Journal of Reproduction and Development
Online ISSN : 1348-4400
Print ISSN : 0916-8818
ISSN-L : 0916-8818

This article has now been updated. Please use the final version.

Effect of ovarian stimulation on developmental speed of preimplantation embryo in a mouse model
Author information
JOURNAL OPEN ACCESS Advance online publication

Article ID: 2023-089


Ovarian stimulation protocols are widely used to collect oocytes in assisted reproductive technologies (ARTs). Although the influence of ovarian stimulation on embryo quality has been described, this issue remains controversial. Here, we analyzed the influence of ovarian stimulation on developmental speed and chromosome segregation using live cell imaging. Female mice at the proestrus stage were separated by the appearance of the vagina as the non-stimulation (–) group, and other mice were administered pregnant mare serum gonadotropin (PMSG) and human chorionic gonadotropin (hCG) as the stimulation (+) groups. The cumulus-oocyte complexes from both groups were inseminated with sperm suspensions from the same male mice. Fertilization rates and developmental capacities were examined, and the developmental speed and frequency of chromosome segregation errors were measured by live-cell imaging using a Histone H2B-mCherry probe. The number of fertilized oocytes obtained was 1.4-fold more frequent in the Stimulation (+) group. The developmental rate and chromosome stability did not differ between the groups. Image analysis showed that the mean speed of development in the stimulation (+) group was slightly higher than that in the non-stimulation (–) group. This increase in speed seemed to arise from the slight shortening of the 2- and 4-cell stages and third division lengths and consequent synchronization of cleavage timing in each embryo, not from the emergence of an extremely rapidly developing subpopulation of embryos. In conclusion, ovarian stimulation does not necessarily affect embryo quality but rather increases the chances of obtaining high-quality oocytes in mice.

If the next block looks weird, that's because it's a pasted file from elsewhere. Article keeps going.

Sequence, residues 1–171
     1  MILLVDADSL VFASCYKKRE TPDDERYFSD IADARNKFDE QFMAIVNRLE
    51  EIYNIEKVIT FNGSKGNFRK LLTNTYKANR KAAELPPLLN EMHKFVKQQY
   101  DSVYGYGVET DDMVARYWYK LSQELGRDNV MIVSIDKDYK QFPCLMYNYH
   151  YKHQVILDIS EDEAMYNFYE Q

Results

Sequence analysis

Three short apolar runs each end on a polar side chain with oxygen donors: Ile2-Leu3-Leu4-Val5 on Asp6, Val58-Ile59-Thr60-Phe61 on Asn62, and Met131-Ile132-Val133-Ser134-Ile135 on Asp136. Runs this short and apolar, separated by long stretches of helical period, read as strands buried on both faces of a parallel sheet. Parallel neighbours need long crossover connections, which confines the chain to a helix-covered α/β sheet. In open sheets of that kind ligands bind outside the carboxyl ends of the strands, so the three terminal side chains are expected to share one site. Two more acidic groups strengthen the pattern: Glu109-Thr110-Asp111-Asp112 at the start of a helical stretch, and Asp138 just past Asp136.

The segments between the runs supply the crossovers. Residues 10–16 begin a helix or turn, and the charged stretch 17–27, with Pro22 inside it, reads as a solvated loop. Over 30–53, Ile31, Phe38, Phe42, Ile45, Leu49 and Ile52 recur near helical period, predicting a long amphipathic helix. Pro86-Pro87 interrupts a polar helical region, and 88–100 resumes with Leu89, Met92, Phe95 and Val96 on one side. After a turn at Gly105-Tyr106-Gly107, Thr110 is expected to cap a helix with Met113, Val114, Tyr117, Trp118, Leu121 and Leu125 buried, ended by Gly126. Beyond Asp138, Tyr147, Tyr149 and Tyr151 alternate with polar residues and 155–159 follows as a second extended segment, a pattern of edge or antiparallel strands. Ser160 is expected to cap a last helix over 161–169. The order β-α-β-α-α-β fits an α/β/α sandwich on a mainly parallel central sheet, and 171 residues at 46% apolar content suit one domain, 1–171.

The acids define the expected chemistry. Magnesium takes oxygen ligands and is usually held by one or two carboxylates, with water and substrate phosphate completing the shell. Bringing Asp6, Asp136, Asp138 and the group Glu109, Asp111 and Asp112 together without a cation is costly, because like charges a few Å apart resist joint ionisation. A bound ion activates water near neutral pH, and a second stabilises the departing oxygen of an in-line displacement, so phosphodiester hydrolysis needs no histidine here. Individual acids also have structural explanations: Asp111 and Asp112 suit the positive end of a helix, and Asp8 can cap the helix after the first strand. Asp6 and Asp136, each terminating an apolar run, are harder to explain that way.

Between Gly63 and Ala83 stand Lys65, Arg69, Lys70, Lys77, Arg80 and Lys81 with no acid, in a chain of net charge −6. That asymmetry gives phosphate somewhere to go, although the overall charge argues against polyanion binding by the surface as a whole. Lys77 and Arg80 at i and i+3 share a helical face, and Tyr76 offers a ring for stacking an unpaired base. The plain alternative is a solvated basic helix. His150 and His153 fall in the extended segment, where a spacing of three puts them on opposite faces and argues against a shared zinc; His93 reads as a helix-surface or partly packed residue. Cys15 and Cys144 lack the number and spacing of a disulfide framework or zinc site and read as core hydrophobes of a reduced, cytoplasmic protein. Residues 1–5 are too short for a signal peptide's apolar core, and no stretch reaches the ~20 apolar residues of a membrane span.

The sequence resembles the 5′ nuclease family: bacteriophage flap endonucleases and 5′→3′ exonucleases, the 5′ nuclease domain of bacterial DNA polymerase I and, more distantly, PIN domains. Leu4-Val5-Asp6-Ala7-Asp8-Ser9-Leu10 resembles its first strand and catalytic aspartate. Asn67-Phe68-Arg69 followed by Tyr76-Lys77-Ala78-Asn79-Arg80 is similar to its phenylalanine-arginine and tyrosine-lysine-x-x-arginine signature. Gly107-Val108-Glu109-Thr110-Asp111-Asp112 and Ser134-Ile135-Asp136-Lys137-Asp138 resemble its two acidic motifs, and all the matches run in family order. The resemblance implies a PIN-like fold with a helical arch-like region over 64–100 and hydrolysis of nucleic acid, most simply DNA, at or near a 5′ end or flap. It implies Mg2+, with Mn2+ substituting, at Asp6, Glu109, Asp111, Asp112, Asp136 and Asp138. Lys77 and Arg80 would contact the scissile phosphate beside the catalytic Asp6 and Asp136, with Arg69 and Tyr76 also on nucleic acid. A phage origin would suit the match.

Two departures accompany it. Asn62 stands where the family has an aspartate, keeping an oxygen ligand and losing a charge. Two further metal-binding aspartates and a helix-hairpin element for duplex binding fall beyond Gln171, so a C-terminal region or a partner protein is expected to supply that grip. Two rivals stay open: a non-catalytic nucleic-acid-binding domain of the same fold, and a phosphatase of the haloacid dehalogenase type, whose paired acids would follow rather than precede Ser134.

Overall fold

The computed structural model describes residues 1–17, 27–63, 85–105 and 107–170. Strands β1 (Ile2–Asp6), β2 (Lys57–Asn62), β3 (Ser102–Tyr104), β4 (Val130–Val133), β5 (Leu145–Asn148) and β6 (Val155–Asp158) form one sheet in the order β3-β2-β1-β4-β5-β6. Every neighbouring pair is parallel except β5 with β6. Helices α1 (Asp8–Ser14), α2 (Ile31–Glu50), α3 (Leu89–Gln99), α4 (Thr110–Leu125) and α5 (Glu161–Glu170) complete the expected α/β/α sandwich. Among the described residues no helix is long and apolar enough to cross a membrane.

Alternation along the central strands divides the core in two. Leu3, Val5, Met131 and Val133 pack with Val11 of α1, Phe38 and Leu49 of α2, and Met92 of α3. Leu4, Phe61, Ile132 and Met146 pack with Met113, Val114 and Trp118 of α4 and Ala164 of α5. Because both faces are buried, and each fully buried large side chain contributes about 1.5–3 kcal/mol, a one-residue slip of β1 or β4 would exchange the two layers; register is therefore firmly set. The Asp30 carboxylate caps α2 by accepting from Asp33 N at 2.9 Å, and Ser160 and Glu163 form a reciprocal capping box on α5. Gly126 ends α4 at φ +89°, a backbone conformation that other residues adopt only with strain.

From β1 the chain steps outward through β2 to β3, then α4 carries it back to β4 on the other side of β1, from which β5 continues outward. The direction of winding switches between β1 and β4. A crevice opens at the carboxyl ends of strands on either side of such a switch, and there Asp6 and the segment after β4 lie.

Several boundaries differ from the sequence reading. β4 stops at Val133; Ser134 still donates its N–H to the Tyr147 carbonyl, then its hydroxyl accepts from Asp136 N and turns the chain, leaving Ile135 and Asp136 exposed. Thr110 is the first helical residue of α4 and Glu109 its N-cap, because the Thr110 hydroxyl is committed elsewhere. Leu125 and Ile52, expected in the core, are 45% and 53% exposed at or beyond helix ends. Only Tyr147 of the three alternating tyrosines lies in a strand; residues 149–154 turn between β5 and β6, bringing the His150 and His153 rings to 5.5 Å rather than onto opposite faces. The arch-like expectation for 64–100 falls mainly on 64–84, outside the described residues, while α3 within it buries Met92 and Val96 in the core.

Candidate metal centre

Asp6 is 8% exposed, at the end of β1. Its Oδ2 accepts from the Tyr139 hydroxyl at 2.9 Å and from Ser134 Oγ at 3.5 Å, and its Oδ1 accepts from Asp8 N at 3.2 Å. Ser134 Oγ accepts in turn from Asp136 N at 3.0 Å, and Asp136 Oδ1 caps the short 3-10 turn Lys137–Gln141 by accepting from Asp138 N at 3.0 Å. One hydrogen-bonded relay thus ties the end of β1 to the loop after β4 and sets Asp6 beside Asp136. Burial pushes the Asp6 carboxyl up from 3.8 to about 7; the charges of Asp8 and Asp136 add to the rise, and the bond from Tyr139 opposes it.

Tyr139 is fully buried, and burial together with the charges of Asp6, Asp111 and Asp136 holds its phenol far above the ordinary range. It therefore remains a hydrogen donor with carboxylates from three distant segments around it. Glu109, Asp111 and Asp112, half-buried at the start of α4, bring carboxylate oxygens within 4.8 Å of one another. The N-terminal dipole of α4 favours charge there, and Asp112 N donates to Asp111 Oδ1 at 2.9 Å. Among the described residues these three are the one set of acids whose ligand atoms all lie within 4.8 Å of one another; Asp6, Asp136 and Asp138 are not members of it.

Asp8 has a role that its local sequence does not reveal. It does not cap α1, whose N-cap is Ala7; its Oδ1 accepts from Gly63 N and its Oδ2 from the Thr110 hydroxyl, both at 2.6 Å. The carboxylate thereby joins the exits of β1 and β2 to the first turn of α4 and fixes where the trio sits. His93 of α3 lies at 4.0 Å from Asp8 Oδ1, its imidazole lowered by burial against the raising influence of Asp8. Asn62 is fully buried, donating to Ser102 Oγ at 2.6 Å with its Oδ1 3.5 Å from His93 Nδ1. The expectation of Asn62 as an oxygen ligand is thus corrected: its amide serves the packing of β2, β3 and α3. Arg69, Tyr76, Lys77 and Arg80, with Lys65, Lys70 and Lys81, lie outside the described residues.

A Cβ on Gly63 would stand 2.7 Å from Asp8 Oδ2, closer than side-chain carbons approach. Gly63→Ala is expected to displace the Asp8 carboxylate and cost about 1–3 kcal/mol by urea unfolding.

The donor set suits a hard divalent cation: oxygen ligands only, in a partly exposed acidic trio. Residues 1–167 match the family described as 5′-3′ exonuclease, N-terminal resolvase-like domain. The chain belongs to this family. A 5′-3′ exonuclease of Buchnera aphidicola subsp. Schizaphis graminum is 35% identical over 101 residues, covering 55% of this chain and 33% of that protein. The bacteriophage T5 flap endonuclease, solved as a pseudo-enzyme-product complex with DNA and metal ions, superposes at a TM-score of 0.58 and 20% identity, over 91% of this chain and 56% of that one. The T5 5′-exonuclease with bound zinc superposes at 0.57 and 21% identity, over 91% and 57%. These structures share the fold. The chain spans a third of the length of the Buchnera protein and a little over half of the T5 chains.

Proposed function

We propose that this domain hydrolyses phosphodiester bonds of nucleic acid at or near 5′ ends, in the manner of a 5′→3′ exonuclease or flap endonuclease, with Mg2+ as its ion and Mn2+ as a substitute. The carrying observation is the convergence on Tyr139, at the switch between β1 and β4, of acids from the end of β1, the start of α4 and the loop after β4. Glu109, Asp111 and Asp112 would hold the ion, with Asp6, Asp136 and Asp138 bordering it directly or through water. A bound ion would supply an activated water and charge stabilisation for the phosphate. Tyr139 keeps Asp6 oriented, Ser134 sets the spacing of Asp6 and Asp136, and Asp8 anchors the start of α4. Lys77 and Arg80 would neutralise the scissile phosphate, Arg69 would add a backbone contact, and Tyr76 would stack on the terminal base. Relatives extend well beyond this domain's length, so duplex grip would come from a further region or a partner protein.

Graphical Abstract Fullsize Image
Content from these authors
© 2024 Society for Reproduction and Development

This article is licensed under a Creative Commons [Attribution-NonCommercial-NoDerivatives 4.0 International] license.